Blog Post

Living Up to Our Expectations

Because of Dr. Jesse Stommel and other individuals associated with Hybrid Pedagogy, I have recently re-read the second chapter of Paulo Freire’s Pedagogy of the Oppressed (1968); a book I have not opened since graduate school. Even though I still find the text extremely demanding, on the first day of class next week, I will be assigning the chapter to my introductory composition students.

In my composition class, we are committed to participating in public discourse. If Dr. Stommel and his colleagues at Hybrid Pedagogy are reading Freire as part of their “MOOC MOOC: Critical Pedagogy,” we will be reading Freire. Because I have no doubt that my students can successfully tackle Freire, they won’t realize that Pedagogy of the Oppressed is “too difficult” to assign to undergraduates in introductory courses.

I appreciate the view of critics who might argue that the vocabulary, concepts, and structure of Pedagogy of the Oppressed make the book too much of a challenge for undergraduate students. On the surface, these critics are not wrong in their assessment. But such criticism fails to take into consideration that I am not assigning Pedagogy of the Oppressed in the same way that Dr. Glenn Wright assigned the book to me 30 years ago.

Dr. Wright told me to read the entire book and expected me to be successful. This was an appropriate expectation for a graduate student, but his pedagogical approach would not work for my composition students. Next week, when we begin reading the second chapter of Pedagogy of the Oppressed, I plan to initially assign only the first six paragraphs; not the entire chapter.

The third of the six paragraphs begins “The outstanding character of this narrative education, then, is the sonority of words, not their transforming power.” Sixteen pages of such text would be too daunting for my students. It is pretty daunting for their professor. But regardless of the difficulty, students can get through six paragraphs. They might not fully understand Freire’s argument, but they can successfully complete the six paragraph assignment.

On the second day of class, I won’t ask students to tell me what Freire means when he talks about the student as container or the banking concept of education. Nor will I give them a reading quiz. Instead, they will work together utilizing the technology of crayons and large sheets of blank paper to show these concepts. Continuing to work as teams, they will then draw their own concepts of the teacher/student relationship.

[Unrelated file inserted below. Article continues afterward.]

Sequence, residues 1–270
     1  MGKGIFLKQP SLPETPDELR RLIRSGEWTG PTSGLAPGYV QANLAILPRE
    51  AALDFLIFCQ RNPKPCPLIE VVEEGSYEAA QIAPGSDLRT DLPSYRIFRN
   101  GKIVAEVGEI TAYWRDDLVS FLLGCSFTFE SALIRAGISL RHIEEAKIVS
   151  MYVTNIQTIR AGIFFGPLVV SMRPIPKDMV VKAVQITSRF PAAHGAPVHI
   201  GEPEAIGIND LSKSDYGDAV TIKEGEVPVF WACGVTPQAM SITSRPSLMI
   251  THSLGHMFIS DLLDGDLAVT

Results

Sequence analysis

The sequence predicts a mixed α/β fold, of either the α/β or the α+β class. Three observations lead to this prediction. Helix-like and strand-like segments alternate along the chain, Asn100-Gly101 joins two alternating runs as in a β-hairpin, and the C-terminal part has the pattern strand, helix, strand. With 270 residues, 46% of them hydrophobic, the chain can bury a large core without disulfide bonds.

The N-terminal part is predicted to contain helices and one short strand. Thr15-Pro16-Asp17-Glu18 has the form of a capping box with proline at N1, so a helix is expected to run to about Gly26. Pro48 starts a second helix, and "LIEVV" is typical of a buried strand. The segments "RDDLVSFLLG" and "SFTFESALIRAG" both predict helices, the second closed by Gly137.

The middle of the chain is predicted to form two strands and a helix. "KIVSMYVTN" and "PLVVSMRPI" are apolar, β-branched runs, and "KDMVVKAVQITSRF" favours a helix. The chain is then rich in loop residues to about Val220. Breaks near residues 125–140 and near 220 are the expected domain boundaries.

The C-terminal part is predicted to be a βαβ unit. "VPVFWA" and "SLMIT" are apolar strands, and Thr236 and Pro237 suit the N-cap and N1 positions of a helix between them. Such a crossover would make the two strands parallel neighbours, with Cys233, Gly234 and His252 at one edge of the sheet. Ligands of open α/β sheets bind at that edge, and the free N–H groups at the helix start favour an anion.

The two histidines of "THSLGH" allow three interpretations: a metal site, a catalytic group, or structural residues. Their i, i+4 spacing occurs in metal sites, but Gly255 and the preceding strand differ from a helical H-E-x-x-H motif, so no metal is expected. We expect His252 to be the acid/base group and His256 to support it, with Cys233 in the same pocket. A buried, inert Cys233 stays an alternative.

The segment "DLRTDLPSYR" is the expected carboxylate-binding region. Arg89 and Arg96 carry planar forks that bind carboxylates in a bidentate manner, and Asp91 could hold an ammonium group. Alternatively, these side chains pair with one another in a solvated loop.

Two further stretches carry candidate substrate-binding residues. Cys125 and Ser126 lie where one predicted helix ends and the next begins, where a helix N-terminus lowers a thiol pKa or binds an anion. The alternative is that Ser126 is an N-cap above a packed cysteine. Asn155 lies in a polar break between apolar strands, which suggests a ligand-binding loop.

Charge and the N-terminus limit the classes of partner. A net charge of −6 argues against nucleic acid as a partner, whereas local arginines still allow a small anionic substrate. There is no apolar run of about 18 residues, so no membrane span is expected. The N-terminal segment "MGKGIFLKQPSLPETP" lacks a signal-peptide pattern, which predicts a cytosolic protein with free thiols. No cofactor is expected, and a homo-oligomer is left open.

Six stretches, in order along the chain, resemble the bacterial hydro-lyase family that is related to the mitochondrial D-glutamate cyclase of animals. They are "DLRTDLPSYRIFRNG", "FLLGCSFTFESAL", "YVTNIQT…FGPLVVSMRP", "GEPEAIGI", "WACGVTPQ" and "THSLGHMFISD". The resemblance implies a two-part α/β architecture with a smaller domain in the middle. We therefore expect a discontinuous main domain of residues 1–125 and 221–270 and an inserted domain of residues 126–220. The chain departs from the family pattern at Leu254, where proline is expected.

Once the students have finished their work, I will tell the story of a group of educators who had completed a similar drawing; educators who concluded that students are like grass and it is the professor’s responsibility to fertilize them. Finally, I will show them a piece of artwork that gives my response to this misguided notion.

By the end of the class period, students will have a deeper understanding of Freire, will have developed skills for reading difficult texts, will have interacted with a difficult text, and will have experienced success with an assignment that they did not have the skills to complete 48 hours earlier. They will also be ready to read the next section of Freire. The text in the next section will be as difficult as the first, but the students will have an easier time with it.

Dr. Wright did not need to take the time to have me sketch Freire’s concepts because, in my first semester of college, Dr. Fred Graham had challenged me with Peter Berger, Brigitte Berger, and Hansfriend Kellner’s The Homeless Mind (1973); a book I was not capable of tackling before entering his class. However, I lived up to Dr. Graham’s expectations and, under his tutelage, came to understand the arguments in The Homeless Mind.  But, more importantly than understanding The Homeless Mind, I developed skills I could apply to other texts. Because Dr. Graham was not the only professor who expected me to work beyond my abilities and provided the guidance for me to live up to their expectations, when Dr. Wright assigned Pedagogy of the Oppressed, I had already developed the skills to tackle Freire on my own.

If we prepare our classes with the expectation that students are incapable of producing meaningful work or tackling difficult assignments, they will not disappoint us. In Freire’s words, “Projecting an absolute ignorance onto others [such as our students], a characteristic of the ideology of oppression, negates education and knowledge as process of inquiry.”

Fortunately, Dr. Graham realized that my lack of training was not a sign of inability; that he could expect more from me than I was capable of producing on the first day of class.  Thirty nine years later, I have the same expectation for my students.

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